SALT LAKE CITY – The governor of Utah said Thursday that the state has no plans to require masks for students in K-12 schools next fall, after months of mounting pressure from the from parents calling for the end of the mandate.
Republican Gov. Spencer Cox has previously defended his administration’s decision to make masks mandatory in schools this school year against parental protests, but now says rising state immunization rates indicate districts are ready to limit restrictions.
“We now have the ability for those who have concerns about the virus to protect themselves a lot more,” Cox told The Associated Press. âWe have better masks available and opportunities for people to make those decisions.â
Dozens of districts across the country have already abandoned mask warrants, and many other districts have indicated they are unlikely to need them next fall. At least half of the states still have statewide mask mandates, and many school districts still need masks. School tracking site Burbio found that 62% of schools offered in-person learning every day at the end of April.
As recently as last month, the governor of Utah said that if the state removed masks “there are a whole bunch of vulnerable children and vulnerable parents who should take their children out of school and we don’t want that to happen, âDeseret Cox said Thursday that was no longer a major concern as cases plummeted.
Cox said students who are at higher risk can protect themselves by wearing N95 masks at school or by using distance learning if their school offers it. These decisions will be up to families rather than government, he said.
âThere will certainly be opportunities to welcome those who are struggling or worried about it, but we hope thatâ¦ when we get back to school at the end of August, that won’t be a concern. not most families, âCox says.
Requiring masks in schools has been controversial for parents in Utah over the past year. Granite School District board members were forced to adjourn a meeting and call the police on Tuesday after 30 to 40 anti-mask parents started shouting. In November, protesters who called the masks at school “child abuse” disrupted another district meeting in American Fork.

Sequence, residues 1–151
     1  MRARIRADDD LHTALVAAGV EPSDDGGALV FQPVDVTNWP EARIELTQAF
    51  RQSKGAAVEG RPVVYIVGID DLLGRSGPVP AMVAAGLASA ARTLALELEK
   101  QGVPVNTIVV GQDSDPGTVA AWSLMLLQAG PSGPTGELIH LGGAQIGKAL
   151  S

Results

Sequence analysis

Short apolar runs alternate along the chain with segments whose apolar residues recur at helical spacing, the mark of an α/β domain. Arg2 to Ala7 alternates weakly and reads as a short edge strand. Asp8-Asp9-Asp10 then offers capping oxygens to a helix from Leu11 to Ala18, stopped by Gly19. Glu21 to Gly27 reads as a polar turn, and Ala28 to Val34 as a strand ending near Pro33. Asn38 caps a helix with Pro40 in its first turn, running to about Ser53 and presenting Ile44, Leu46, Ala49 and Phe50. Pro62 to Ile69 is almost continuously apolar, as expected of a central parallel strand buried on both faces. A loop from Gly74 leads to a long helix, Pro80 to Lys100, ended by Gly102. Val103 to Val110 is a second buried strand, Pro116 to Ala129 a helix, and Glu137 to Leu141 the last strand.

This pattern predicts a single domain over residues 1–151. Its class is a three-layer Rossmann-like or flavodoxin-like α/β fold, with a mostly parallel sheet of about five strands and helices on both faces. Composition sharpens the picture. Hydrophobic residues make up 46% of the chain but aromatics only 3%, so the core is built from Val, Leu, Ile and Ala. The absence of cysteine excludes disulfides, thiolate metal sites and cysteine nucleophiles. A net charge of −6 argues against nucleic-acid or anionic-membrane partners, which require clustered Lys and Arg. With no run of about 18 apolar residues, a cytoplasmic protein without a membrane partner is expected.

Lifting the mask warrants now would be a mistake, and over the summer there should be serious discussions on safety benchmarks for the fall, said Adam Hersh, professor of pediatric infectious diseases at the University of Utah.
In some ways, when it comes to COVID-19 precautions, a school is more like a hospital or doctor’s office than a grocery store, he said. Children generally do not have a choice of where to attend school in the same way that adults can choose where to shop. The school is also where people spend hours indoors, which creates more potential for exposure.
âI think there is a moral obligation to ensure that schools are as safe as possible,â he said.
Hersh worked on a study that showed transmission rates are very low, below 1%, in schools with precautions such as masks and distancing.
There is little data on maskless school settings, but there are disturbing indications of the start of the pandemic, including when Israel lifted a mask warrant during a heat wave in the summer of 2020 and rates of transmission raised at a summer camp in Georgia.
Some of those risks are now lower as vaccination rates increase among U.S. adults, but vaccines have not been approved for children under 16. That seems likely to change by the next school year, as the FDA is expected to approve the use of the Pfizer vaccine. in children from the age of 12 years.
Utah lifted its statewide mask mandate on April 10, but a mask order for K-12 schools ends on June 15, when most districts have dropped out for the summer.
It’s unclear whether districts or schools will be able to impose their own mask rules, but Cox said the legislature may meet to reinstate some restrictions if the cases reappear.
Eppolito is a member of the Associated Press / Report for America Statehouse News Initiative corps. Report for America is a national, nonprofit service program that places reporters in local newsrooms to report on secret issues.